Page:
I tried with some difficulty to keep my food down. Nice of her to remind me of the horror of finding my mom and the sensations I felt while kneeling in her blood when next to her dead body -- real good way to connect with me. All in all Erika wasn't making me very happy much less feeling like there was anything she could help me with on my mom's murder. Hell, she couldn't even solve her own parents' murder and ran from it as far as I was concerned. But then I remembered my thoughts in the past few days of how soon I could leave and not be considered odd or unmentionably rude. I still wanted to run away from all the shocking things I had seen and been dealing with since this whole nightmare started.
Cinda retorted, "Excuse me. Didn't you just finish telling us how much you hated when that police chief accused you of killing your parents and yet you did the same thing to Lynn? Isn't that hypocritical at least?"
A flash of anger then Erika answered a bit more subdued, "Yes. But you have to understand---"
"Actually she doesn't have to understand anything. Good God, how could you even think she did it knowing how you felt? You haven't even begun to explain the two crazy men running around brutalizing my mom and looking for us!" A bit of Misty was leaking back into Cinda. The wrath of both was similar but still I could see it was Misty getting warmed up to lash out some more at Erika. I pondered for a minute if Misty was not a ghostly haunting for Cinda but instead part of a split personality. I didn't want to figure it out just now but knew soon I would have to figure a way to test that theory. So far I had enough on my plate without adding to the fun by accusing my best friend of being a schizophrenic or having some other mental illness. Life was getting far more complicated than I needed that was for sure. I was trying to just get out of all this mess with my sanity and I certainly had no business accusing my best friend of being less than sane.
Erika looked at the now full ashtray and saw that her last cigarette had burned out while she had eaten her cake so she lit up a new cigarette and said, "Let's go. Too many of the natives around here are getting restless with us just sitting at a table." She was right but I didn't know where we were going. It was not like either Cinda or I had a home to go to currently. We both had been told we would be notified when we could return but I personally had no desire to go back to my house. With Margie still in the hospital I doubted Cinda would be comfortable in her home right now either.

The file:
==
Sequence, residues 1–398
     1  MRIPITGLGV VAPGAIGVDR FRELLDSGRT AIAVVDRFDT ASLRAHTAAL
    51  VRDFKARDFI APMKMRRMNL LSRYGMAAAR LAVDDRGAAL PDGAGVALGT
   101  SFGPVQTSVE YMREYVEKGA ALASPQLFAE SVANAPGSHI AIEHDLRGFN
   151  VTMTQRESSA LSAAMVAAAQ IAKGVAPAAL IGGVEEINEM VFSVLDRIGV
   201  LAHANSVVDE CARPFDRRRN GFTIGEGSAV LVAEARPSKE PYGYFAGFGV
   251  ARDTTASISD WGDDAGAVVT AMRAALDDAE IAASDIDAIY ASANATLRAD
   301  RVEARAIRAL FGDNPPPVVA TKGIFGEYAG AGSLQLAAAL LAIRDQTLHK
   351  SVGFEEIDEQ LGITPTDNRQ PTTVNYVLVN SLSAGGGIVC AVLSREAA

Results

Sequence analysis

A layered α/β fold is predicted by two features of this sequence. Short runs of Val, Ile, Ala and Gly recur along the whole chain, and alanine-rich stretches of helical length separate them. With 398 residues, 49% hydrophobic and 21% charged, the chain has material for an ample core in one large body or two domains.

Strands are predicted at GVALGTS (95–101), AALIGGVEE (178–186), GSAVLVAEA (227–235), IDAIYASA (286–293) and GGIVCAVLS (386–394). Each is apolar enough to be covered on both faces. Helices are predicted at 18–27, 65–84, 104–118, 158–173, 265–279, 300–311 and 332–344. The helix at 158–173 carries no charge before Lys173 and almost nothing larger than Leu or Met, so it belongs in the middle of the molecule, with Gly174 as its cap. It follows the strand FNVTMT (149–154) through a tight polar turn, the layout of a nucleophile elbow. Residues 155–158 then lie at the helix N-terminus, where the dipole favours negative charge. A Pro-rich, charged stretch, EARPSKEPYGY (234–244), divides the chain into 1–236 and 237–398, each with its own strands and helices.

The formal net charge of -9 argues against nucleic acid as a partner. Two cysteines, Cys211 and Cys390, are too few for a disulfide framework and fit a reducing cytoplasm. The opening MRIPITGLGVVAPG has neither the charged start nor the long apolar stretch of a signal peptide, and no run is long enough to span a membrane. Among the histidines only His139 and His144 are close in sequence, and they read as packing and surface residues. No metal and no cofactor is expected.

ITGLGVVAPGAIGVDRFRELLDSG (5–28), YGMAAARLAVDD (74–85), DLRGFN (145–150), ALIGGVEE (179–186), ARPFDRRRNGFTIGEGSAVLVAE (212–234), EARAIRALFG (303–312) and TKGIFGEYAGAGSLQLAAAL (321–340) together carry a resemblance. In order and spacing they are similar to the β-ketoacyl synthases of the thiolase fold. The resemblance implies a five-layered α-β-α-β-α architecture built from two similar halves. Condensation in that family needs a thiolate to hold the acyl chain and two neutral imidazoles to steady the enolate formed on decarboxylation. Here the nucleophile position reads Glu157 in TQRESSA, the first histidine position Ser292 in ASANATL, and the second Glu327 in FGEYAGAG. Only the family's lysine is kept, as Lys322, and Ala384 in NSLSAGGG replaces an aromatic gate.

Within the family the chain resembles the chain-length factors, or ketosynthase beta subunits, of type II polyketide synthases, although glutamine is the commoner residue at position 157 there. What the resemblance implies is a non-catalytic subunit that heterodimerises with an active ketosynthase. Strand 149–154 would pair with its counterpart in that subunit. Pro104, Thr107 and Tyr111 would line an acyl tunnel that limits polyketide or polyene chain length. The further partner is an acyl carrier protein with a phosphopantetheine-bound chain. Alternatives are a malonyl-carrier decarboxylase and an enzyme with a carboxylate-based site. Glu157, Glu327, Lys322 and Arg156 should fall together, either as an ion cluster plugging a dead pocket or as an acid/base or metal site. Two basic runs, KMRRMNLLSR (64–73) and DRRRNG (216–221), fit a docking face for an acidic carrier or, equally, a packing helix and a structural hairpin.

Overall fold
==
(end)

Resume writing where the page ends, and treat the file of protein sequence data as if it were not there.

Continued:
We struggled to get out the door without attracting too much more attention. That was cut short by the arrival of the two policemen that seemed to be shadowing my world lately accompanied by the innkeeper, Tina. Again we were the focus of the whole crowd. I wanted to disappear and my back was throbbing from the lack of moving and those unexplained bruises. The last thing I needed was to be tense and yet I could feel my shoulders heading upwards as I nearly cringed at the look in Tina's eyes. She was furious.
"See here they all are," Bobby said as he and Gary met us middle of the busy diner. Tina hung back by the door. Louella caught sight of her sister in trouble and did a double take. That pretty much confirmed for me the transformation of Tina was very recent. Cinda was again clenching her jaw at the same time trying to smile sweetly at Bobby. It looked a bit odd but Bobby didn't seem to notice.
Erika strode forward saying, "Why are you looking for us? Did you find out something?" Her face was interested and she looked too perky for my comfort. She may not have solved her parents' murder but she certainly thrived on the rush of finding out things about death and dead bodies I thought.
"No, not us. Tina here," Gary looked for Tina and then saw her lingering on the threshold, she was still frozen in the doorway. "Tina, get over here. Why are you hanging back so?"